Orders of Merit and CEO Compensation: Evidence from a Natural Experiment

15 Pages Posted: 20 Jan 2016

See all articles by Linus Siming

Linus Siming

Free University of Bozen-Bolzano - Faculty of Economics and Management

Date Written: January 2016

Abstract

Manuscript Type: Empirical.

Research Question/Issue: Governments worldwide bestow orders of merit upon their citizens as a recognition of distinguished service. In this paper, I study whether orders of merit can function as an external form of perquisite through which the government can supplement the compensation given by a publicly listed firm to the CEO.

Research Findings/Insights: I build upon the literature on perquisites to develop hypotheses on the relationship between orders of merit and executive compensation. The predictions are tested through an empirical analysis that revolves around the 1974 legal reform in which Sweden discontinued the conferral of orders of merit to citizens. The difference‐in‐differences methodology I employ enables me to make causal statements on the relationship between orders of merit, firm performance, and monetary compensation. I find that orders of merit function as symbols that visibly confirm social status vis‐à‐vis the general public and are valued by CEOs as a substitute for the need to engage in conspicuous consumption.

Theoretical/Academic Implications: This study provides empirical support that orders of merit can be seen as an external form of perquisite that can substitute for monetary compensation. Essentially, this is evidence that governments can affect CEO salaries through the provision of a non‐monetary status good. The findings also indicate that CEOs not only care about distinguishing themselves as “superstars” among their peer group of corporate leaders but also value non‐monetary symbols that emphasize their social status in relation to the general public.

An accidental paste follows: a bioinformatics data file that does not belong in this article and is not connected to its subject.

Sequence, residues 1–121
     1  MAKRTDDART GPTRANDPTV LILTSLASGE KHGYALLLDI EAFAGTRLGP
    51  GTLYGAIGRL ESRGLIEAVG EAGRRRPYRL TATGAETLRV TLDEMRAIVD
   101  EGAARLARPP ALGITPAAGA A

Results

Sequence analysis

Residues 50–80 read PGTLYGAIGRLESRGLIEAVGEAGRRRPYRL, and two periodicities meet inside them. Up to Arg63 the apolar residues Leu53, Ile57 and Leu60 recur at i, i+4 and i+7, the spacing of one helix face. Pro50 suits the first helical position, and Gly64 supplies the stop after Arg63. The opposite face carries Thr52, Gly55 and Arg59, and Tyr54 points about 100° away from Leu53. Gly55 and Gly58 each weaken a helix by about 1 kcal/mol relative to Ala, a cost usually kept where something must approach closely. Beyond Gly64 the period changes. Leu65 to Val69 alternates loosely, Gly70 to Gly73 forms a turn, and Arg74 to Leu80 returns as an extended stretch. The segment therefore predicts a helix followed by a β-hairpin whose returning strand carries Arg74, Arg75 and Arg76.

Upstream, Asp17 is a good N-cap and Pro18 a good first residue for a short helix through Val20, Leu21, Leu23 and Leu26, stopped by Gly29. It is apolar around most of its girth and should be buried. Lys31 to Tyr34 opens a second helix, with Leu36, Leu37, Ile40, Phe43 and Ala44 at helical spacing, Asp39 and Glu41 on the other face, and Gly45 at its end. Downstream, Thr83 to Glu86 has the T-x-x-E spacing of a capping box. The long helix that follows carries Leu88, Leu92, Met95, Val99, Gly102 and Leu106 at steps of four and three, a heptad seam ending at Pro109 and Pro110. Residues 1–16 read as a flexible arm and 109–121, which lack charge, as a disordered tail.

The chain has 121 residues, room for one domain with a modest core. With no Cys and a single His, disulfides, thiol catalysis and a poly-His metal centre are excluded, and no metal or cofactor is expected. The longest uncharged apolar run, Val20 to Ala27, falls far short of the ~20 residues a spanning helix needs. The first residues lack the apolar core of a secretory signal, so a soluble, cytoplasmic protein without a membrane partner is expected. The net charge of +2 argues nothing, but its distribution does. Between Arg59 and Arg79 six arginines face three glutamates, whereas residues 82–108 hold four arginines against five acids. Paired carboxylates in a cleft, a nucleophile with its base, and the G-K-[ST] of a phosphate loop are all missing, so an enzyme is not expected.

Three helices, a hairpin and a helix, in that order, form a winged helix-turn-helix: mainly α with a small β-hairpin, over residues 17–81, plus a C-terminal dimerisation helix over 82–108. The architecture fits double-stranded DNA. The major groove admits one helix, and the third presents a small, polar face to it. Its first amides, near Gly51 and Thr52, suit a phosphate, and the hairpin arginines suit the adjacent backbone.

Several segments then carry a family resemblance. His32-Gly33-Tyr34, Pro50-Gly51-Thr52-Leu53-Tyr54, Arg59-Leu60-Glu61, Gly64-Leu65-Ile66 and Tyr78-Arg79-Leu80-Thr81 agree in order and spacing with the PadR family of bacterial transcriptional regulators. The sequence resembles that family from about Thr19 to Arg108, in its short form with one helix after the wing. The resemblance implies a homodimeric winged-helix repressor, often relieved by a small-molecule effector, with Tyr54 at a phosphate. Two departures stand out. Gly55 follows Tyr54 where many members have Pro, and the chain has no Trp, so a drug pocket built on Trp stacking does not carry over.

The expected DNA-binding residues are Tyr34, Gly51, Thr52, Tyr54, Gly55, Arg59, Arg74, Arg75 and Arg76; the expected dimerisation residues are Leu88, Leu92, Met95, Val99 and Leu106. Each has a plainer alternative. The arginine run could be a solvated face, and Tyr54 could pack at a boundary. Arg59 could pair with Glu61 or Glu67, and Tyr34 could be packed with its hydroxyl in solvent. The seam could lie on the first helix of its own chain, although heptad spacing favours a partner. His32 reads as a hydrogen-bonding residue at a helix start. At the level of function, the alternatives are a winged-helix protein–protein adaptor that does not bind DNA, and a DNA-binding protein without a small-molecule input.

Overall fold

Practitioner/Policy Implications: Companies should take into account that CEOs may receive valuable status goods from the government when determining compensation policies. In addition, governments should consider that the removal of non‐monetary awards may result in higher levels of monetary compensation in publicly listed firms.

Keywords: Corporate Governance, Executive Compensation, Business‐Government Relations, Agency Theory, Scandinavian Economies

Suggested Citation

Siming, Linus, Orders of Merit and CEO Compensation: Evidence from a Natural Experiment (January 2016). Corporate Governance: An International Review, Vol. 24, Issue 1, pp. 64-78, 2016, Available at SSRN: https://ssrn.com/abstract=2718640 or http://dx.doi.org/10.1111/corg.12118

Linus Siming (Contact Author)

Free University of Bozen-Bolzano - Faculty of Economics and Management ( email )

Via Sernesi 1
39100 Bozen-Bolzano (BZ), Bozen 39100
Italy

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